We continued to visit the Green House until all the elders we knew passed on. My mother was attached to this home.  There was a memorial event in honor of Mary the next year with a statue in the garden at that Green House bearing a likeness of my mother’s dog.  The Green House enabled Mary to live some of the happiest days of her life. These also some of the happiest days of my life and that of my mother, as we knew that Grandmother was cared for — deeply cared for.

Special thanks to Ann Frohman and her family for continuing to keep Mary’s light shining bright!


Clinical Support Spotlight: April is Occupational Therapy Month

By / Posted on March 28th, 2012

What do National Peach Cobbler Day, Thomas Jefferson’s birthday, and Occupational Therapy (OT) Month have in common? If you guessed that they’re all celebrated in April- you’ve got it! While delicious cobbler and our former president are by no means insignificant, The Green House® Project is particularly eager to acknowledge the OT profession and the dozens of clinical support team members that support growth and meaningful lives for Green House elders each day of the year.

In What Are Old People For?, Dr. Bill Thomas identifies habilitation as “the effort to bring forth existing but latent potential within a person or group of people. It is distinguished from rehabilitation– a term that presumes a defect to be rectified or a brokenness that must be prepared.” Similarly, the American Occupational Therapy Association (AOTA) defines the OT profession as one which “helps people engage in living life to its fullest.”  With parallel efforts to reframe society’s declinist perspective on aging, it isn’t surprising that many Occupational Therapy practitioners are drawn to the holistic, person-centered approach supported by the Green House model.

Andrea Tyck began her career as an OT Assistant and is currently the Wellness Director and future Green House Guide at Mt. San Antonio Gardens in Pomona, CA. “Amidst the loss that elders face, our role is to help people move forward- to see beyond loss and support continued growth,” says Andrea.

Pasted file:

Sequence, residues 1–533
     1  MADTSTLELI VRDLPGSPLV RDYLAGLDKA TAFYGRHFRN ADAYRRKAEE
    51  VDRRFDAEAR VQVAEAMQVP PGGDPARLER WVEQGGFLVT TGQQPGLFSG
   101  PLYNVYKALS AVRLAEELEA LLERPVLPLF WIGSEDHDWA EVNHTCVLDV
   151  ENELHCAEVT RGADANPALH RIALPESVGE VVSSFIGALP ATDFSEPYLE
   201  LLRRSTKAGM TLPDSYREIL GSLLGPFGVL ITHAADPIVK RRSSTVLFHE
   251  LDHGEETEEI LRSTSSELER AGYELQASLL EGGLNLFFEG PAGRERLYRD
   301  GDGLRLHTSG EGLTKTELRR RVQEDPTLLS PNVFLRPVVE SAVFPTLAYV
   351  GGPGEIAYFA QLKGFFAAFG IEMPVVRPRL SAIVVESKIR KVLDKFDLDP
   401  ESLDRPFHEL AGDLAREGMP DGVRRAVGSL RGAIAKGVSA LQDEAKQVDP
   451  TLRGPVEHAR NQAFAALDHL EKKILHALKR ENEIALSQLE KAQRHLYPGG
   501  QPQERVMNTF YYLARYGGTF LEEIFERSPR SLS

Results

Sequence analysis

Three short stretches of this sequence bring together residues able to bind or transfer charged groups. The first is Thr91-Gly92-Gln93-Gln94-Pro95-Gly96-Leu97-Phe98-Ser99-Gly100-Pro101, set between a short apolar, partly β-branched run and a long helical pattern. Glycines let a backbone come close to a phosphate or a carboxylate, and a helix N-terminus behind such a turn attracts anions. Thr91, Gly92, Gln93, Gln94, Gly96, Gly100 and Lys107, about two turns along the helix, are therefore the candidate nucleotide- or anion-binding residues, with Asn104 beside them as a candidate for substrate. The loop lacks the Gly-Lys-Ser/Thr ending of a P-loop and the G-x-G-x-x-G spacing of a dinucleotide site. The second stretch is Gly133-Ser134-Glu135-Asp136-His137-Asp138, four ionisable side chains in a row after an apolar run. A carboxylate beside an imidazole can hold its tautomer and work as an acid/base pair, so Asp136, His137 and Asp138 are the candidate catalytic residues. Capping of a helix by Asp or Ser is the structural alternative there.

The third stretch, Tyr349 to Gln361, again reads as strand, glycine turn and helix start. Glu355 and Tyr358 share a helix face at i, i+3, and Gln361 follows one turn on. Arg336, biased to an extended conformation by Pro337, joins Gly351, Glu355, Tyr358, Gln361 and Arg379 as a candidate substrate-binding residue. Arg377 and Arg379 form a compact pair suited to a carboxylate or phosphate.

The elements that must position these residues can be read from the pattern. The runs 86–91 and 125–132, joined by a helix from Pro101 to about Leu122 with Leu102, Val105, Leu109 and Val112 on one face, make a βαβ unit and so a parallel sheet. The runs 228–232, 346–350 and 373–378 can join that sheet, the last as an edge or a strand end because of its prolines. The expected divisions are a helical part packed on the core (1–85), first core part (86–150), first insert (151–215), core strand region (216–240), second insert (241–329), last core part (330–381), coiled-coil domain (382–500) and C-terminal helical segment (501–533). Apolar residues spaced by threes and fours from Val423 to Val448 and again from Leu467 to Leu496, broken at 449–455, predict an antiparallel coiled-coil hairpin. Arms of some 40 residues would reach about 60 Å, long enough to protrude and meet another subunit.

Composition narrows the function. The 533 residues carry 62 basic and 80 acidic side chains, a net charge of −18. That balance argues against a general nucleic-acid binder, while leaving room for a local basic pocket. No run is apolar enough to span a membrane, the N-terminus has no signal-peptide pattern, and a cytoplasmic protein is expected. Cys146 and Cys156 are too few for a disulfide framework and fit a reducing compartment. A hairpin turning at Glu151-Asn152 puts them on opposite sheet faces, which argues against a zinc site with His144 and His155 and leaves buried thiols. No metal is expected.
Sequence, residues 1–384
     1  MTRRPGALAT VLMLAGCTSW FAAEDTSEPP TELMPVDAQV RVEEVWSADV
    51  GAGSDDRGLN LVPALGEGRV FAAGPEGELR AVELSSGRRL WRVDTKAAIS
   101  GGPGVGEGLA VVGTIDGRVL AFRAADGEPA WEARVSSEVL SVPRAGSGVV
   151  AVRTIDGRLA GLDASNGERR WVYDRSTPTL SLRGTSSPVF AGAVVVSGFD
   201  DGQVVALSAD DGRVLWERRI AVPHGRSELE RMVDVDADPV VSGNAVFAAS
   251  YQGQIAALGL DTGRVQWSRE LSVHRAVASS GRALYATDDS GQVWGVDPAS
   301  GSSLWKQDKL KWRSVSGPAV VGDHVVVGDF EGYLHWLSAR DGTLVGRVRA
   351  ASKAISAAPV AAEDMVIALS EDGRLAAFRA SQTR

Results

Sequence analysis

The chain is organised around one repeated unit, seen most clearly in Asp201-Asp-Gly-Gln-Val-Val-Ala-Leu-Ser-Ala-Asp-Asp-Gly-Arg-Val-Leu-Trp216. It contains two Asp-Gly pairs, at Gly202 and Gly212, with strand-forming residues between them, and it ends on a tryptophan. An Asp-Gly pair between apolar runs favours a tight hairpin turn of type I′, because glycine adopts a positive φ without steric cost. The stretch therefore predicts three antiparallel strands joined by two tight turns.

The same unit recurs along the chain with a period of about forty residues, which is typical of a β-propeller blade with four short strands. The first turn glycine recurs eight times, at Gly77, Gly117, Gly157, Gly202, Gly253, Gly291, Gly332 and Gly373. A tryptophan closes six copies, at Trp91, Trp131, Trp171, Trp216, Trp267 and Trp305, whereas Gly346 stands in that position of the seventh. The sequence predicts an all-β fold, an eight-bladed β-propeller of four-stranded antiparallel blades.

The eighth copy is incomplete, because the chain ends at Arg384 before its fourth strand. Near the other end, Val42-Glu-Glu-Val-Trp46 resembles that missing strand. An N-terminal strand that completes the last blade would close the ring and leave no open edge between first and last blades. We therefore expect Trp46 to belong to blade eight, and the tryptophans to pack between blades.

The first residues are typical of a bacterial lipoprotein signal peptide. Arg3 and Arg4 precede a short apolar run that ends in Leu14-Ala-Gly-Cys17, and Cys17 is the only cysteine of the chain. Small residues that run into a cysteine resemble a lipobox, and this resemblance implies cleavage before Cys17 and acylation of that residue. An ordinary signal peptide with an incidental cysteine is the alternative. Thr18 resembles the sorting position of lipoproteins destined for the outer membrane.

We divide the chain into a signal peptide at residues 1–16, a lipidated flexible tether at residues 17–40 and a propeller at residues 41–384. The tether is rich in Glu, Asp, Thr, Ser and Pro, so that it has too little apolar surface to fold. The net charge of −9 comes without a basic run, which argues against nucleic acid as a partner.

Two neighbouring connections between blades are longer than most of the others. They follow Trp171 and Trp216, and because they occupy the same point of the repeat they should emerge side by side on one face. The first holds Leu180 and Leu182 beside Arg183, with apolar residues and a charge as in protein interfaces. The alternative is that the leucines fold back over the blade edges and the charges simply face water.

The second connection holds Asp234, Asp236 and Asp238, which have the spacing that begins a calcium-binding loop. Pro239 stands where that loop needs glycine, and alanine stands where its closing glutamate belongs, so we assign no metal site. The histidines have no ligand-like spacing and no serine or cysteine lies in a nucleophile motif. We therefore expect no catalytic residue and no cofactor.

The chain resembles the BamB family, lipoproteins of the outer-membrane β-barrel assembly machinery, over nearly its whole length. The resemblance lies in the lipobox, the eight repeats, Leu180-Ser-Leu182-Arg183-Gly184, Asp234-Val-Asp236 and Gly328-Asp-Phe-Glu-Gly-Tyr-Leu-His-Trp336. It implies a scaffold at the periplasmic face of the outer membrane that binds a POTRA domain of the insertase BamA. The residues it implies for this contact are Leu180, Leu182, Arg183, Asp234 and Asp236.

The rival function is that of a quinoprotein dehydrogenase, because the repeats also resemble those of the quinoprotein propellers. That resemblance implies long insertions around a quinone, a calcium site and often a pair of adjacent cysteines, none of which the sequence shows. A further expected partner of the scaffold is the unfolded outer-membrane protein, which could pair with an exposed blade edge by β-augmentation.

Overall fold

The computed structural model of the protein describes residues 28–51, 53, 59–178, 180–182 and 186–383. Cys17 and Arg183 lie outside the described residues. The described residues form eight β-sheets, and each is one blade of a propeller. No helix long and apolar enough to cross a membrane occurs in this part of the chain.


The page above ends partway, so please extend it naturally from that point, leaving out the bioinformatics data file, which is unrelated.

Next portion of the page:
Andrea Tyck began her career as an OT Assistant and will be the future Green House Guide at Mt. San Antonio Gardens

 

Just as Eden Principle #6 recognizes that “meaningless activity corrodes the human spirit”, Occupational Therapy is designed to support activities that are meaningful and purposeful for each individual. “Occupational Therapy is not just about enhancing function,” explains Andrea, “but it is supporting development for a larger purpose. In deeply knowing individual interests and rhythms of the day, OT interventions are more effective at meeting personal goals.”

While long corridors, tight schedules, and departmental silos can serve as barriers in traditional long-term care “facilities”, the Green House model is designed to support individual growth in an environment that is more than homelike– it is home. Opportunities for purposeful activities abound in a small environment that supports intentional community and meaningful engagement. What better reason to maintain or regain abilities at mealtime than the smell of a home-cooked meal and an opportunity to share convivium with your friends and family? This month, be sure to set an extra place at the table and show appreciation for the role of Occupational Therapy practitioners as care partners, mentors, and cheerleaders for elders, staff, and families. (You might as well celebrate with peach cobbler for dessert, while you’re at it!)

For more information, visit the American Occupational Therapy Association


Woodland Park, Virginia's First Green House Homes, Break Ground in Harrisonburg

By / Posted on January 30th, 2012